( 7 Votes )

Fantasy Rivals is a browser based Collectible Card Game (CCG), massively multiplayer online (MMO) virtual trading card game, free to play on web browser, it comes from Boostr, the developer of the popular Urban Rivals.

Fantasy Rivals set the action in a fantasy world populated with heroes, monsters and magic. A friendly tutorial will acquaint you with the basic rules, but also offer the initial collection of cards for normal battles. Afterwards you will have to complete various quests, and compete against players from all over the world.

Three game modes are disponible, all player versus player (PvP) oriented: Training, League and Classic. To build your deck, you will need to choose between a large variety of heroes, which are divided in six different factions, each one with their own style of play and his special abilities.

To win, the player must build carefully his strategy, choose the right card with proper ability, and wisely use available Mana. Winning in this game is a mix of skill and luck, you cannot win just with bluffing, but always a good strategy needs a bit of luck.

Fantasy Rivals has good visual effects, good sound, and an immersive gameplay with strategic battles.

 

Comments  

 
0 #1 Sacrificial 2015-07-04 17:56
Fantasy Rivals, despite being the successor of Urban Rivals, has failed to deliver a compelling enough game to truly come into its own. As a player who has reached diamond tier in league and collected several of the rarest Epic cards, here is my honest review of the game.

Launched in 2013, Fantasy Rivals has had every opportunity to differentiate itself from the TCG[rambling word]CCG genre. It certainly has an intriguing premise in its purported offering of psychological play. Unfortunately, the game’s declining player base, poor tournament showing, and inactive forums ultimately belie its lack of popularity. Why is this the case?

Let’s start with the game proper. The premise of psychological battle between strategic players is a false one. The game is inherently unfair and pay-to-win because certain Epic cards have tremendously overpowered abilities that are difficult to counter. It is possible to lose 3 rounds out of 4 and still win with an Epic card such as Oljaneik which can create a winning gap of 9 up to 15 with fury. Other Epics like Deelenar, Miselai, Gladia, Noeptus, Patrician are guilty of the same. Unsurprisingly, these Epics typically cost more than 300k gold on the market, which is a grind for any casual free-to-play players. For reference, each winning battle gives 5 gold. It is possible to get jewels from missions and daily league battles in order to open booster packs for the chance to get Epics, but the grind remains odious. Playing as a beginner often means losing again and again against decks that are vastly more powerful and more expensive, with little outplay potential. This is the very definition of pay-to-win.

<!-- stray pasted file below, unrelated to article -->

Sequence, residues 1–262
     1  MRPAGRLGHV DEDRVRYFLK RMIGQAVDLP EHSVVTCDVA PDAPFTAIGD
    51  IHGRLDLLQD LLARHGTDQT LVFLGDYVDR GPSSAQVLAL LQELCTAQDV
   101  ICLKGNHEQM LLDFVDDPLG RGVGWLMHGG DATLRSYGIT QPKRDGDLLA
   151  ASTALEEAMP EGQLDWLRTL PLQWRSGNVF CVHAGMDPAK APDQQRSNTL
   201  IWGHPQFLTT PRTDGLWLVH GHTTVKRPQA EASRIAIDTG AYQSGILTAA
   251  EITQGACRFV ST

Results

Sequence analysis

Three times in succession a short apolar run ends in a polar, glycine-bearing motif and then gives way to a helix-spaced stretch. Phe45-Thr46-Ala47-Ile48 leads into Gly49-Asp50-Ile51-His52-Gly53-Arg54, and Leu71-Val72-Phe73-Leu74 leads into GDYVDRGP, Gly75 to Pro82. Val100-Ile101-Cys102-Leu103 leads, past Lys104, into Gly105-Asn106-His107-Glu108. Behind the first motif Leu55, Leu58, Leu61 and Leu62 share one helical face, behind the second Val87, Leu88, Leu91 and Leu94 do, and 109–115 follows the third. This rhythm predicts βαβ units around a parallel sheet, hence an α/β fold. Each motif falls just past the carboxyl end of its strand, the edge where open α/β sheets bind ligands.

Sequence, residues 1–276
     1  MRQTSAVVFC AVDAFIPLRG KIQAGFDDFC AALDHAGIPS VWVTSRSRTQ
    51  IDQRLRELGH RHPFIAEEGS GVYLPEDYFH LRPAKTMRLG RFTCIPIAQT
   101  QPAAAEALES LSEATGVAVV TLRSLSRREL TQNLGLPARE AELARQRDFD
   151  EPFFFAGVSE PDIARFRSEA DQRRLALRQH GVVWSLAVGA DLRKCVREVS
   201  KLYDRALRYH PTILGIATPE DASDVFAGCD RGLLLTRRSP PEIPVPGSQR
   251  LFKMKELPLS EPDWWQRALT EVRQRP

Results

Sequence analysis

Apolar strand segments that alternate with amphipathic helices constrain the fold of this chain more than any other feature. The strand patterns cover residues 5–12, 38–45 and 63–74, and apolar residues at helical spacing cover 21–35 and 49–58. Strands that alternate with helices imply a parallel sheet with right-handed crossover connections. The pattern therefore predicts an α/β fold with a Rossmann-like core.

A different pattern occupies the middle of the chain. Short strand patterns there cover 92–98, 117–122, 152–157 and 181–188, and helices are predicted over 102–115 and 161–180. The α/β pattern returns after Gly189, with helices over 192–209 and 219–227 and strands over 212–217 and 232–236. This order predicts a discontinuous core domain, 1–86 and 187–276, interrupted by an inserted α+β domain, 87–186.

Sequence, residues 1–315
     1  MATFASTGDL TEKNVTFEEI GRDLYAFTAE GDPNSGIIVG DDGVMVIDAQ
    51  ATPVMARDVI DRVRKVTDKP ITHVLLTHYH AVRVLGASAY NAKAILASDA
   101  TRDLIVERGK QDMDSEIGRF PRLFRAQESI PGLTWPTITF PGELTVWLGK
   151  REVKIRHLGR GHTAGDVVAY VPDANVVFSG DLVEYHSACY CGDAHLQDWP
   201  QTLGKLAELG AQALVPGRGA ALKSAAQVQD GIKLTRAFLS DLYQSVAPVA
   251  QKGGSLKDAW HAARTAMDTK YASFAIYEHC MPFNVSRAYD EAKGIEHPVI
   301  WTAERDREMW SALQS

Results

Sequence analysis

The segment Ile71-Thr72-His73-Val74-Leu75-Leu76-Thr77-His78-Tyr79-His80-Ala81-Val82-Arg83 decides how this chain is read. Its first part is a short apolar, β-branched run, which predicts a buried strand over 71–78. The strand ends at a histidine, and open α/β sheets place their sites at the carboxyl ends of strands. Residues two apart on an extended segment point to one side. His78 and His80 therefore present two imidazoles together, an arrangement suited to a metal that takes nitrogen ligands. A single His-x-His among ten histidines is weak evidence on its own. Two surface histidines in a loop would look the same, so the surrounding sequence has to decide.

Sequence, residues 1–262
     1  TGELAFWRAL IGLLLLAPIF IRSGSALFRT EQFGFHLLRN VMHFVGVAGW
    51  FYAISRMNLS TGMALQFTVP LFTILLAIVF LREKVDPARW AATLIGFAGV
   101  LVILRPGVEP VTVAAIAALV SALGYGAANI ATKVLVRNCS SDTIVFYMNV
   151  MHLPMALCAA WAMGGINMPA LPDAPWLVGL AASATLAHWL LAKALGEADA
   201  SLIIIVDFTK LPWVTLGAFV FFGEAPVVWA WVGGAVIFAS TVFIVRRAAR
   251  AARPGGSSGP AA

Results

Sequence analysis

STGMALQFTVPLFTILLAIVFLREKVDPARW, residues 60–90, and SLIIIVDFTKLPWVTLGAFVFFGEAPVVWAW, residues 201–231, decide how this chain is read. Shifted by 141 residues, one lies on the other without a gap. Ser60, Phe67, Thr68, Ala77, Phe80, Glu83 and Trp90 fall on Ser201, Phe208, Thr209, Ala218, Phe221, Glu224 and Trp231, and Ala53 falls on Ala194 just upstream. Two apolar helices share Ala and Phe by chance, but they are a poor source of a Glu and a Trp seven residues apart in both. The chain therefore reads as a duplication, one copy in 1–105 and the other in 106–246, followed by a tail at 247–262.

Because of the low population base, the matchmaking system is wholly unbalanced. Beginner bronze players under level 10 can be matched against diamond or master-ranked level 50 players. As can be expected, the experience is very frustrating and discouraging. This is the norm across all three competitive modes – melee, league and tournament.

The tournament is a time-limited mode that alternates between Epic and Epicless rules. This mode is fundamentally flawed. It exacerbates all the worst aspects of the game. It allows players to form decks from the most overpowered cards across all extensions. New players do not stand a chance and should avoid this mode at all costs. The low population virtually guarantees that they will play against the same players and decks over and over. Experienced players know to “farm” this mode which has caused severe price inflation in the already unpredictable market.

The game has badly designed UI. There appears to be no desire or no manpower allocated to game infrastructure or coding. This is why there are game-breaking bugs that have existed for months, why much sought after features like guilds are nowhere on the horizon, why tournaments cannot be redesigned, and why there has been no significant change to the UI design and implementation in forever.

There is lack of communication and adherence to development schedule as promised. Deadlines for the release of information on the most recent Cinderpeaks extension have come and gone. Staff has promised mission overhaul, improved tutorials for new players, but all these and more have not materialized.

Ultimately, the game does not seem inclined to attract and retain new players. Instead, the push for the new extension rather than to address more pressing structural problems suggest a last-ditch cash grab from old players. I am not optimistic about the long-term potential of this game.

In short, keep away, far far away.
 

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